• Family History or Previous History of Mood Disorders: A women with a family history of depression is at a higher risk of developing the disorder herself. Also, someone who struggled with depression as a teen is more likely to experience a recurrence during pregnancy than someone who has no previous history of depression. Although prior episodes are not always indicators of future occurrence, if you have dealt with depressive episodes in the past, then you should be aware of the possibility that depression can re-occur at other times, such as before/during/after pregnancy or during menopause.
• Childhood Abuse: Women who were physically or sexually abused as children seem to be at a higher risk for depression in adolescence and adulthood. Similarly, women in abusive marriages or relationships are also more likely to suffer from the disorder than those in healthy relationships.
• Oral Contraceptives: The hormones in oral contraceptives can contribute to the onset of depression.
• Infertility Drugs: Since many fertility treatments require the use of hormones, these chemical changes within the body, particularly sudden ones, can often trigger depression.
• Lack/Loss of Support System: Women who feel they are alone and have no support system to lean on may be at a greater risk of developing depression. This is particularly true for women who have had to move away from family or friends, especially if they had a close social network and suddenly find themselves without this support.
• Medications: Certain medications can cause depression, particularly those that effect hormonal or chemical levels.
• Loss of Parent in Childhood: Research has shown that women who lost a parent before the age of 10 seem to be at a higher risk for depression.
Signs and Symptoms:
The criteria for diagnosing depression is the same for both men and women; however, women will often experience certain symptoms more or less frequently than men.
Feelings of guilt, anxiety, and self-blame are also more prevalent among women, whereas men more often become angry and blame others for their feelings. Where men create conflicts, women will withdraw and avoid confrontation at any cost. Women feel fatigued and apathetic, while men become restless and agitated.For example, women are much more likely to have Seasonal Affective Disorder, a form of depression that appears during the winter months due to lack of sunlight. Atypical depression is also more common in women than men. In this case, rather than the “typical” symptoms of sleeping less, eating less, and weight loss, they will experience the opposite or “atypical” signs of excessive sleep, overeating, and weight gain.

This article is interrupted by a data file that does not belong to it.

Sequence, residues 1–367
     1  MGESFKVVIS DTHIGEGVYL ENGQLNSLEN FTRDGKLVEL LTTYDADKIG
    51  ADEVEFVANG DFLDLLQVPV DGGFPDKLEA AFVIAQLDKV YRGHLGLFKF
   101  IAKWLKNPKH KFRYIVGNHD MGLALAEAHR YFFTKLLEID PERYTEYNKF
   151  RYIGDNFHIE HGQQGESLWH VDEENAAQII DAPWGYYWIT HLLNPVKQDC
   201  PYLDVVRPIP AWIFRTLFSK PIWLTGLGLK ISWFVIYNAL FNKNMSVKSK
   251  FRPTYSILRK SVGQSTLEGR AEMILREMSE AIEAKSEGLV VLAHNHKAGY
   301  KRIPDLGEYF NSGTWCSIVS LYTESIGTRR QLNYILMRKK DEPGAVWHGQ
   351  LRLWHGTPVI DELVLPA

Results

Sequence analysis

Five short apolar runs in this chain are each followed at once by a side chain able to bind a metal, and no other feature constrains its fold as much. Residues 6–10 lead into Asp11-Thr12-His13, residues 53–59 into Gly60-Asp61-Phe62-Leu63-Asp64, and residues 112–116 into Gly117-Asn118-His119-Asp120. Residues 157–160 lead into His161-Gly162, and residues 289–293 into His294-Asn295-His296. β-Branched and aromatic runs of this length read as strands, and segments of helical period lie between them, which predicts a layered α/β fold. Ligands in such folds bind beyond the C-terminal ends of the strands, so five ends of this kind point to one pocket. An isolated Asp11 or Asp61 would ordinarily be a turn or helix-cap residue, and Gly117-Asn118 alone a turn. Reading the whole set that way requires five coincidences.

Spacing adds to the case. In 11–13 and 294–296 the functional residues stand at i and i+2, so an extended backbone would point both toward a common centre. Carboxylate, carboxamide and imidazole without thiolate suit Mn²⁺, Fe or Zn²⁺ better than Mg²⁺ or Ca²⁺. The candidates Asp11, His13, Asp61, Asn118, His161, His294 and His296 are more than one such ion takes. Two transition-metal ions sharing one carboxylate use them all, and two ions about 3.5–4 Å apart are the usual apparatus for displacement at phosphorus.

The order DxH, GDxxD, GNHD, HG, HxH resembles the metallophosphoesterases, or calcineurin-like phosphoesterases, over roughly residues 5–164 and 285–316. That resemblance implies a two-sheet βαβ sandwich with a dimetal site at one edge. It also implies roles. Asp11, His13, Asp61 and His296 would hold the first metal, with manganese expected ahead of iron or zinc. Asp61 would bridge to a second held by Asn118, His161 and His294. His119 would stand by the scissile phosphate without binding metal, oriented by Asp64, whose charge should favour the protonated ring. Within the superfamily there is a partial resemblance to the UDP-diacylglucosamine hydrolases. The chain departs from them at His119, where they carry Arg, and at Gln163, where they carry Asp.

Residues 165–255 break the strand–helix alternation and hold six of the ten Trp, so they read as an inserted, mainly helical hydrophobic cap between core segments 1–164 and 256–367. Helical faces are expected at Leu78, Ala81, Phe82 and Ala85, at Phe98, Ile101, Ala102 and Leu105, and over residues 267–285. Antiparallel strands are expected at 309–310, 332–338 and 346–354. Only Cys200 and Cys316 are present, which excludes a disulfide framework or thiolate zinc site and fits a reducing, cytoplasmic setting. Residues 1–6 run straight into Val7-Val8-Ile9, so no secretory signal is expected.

The rate of suicide attempts is much higher among depressed women, although men are more often successful. However, any suicidal words or actions are a cry for help and should not be ignored. Since depression in women is often cyclical, feelings of suicide can “come and go”, causing many people to assume that any talk about death is simply “drama” or a “false alarm”. Just because a woman is not in a depressive episode does not mean that suicide is no longer a risk. If you, or someone you know, has ever had any suicidal tendencies, then proper treatment should be sought immediately, even if the feeling passes.
Treatment of Depression in Women:
Since problems associated with the thyroid can often mimic the signs of major depression, any women experiencing symptoms should have tests done to eliminate this medical condition.
Once a woman has been diagnosed with depression, treatment often depends on the reason for the problem. Your doctor is likely to ask you a series of questions such as:
Does your depression increase around the time of menstruation?
Are you pregnant, or have you struggled with depression during previous pregnancies?
Have you recently given birth? Postpartum depression can appear six months, and sometimes even up to a year after childbirth.
Are you approaching menopause? Blood tests can be done to determine if you are perimenopausal.
Have you recently experienced any stressful or traumatic situations? Are you under a great deal of stress?
Do you have a family history of mood disorders? Have you been experiencing any physical/medical symptoms?
Have your sleeping or eating habits changed? Have you experienced any dramatic weight loss or gain?
Do you have a support system, or family and friends in the area that can offer help?
Although this is not an exhaustive list, the questions are designed to help your doctor find the cause of your depression – whether hormonal, social, psychological, etc. Once this is determined, then a form of treatment can be given. Sometimes hormone replacement therapy is effective, whereas other women may require antidepressants. Some people have also found success with counselling, talk therapy, or support groups. Women, more than men, find it helpful to talk about their feelings with other people who are experiencing similar symptoms and understand what they are going through. Treatments may also vary depending on your age or stage of life. For example, a different treatment may be used for a women who is pregnant or breastfeeding than for someone who is going through menopause.
Depression is very common, and if you are struggling with any of the signs or symptoms, you are definitely not alone! Women experience a lot of hormonal changes throughout their lives, have to battle guilt over conflicting roles (mother, career), and deal with the stress of being the primary child caregiver while also handling the responsibilities of the workplace. In addition, aging parents, health struggles, or family difficulties can also be a factor. With all this in mind, it is not surprising that one in every four women will experience depression at some point in time. But, help is available, and there are many treatment options that can aid in recovery so you can feel good again and begin living life to the fullest!
Go to the top of this page Depression in Women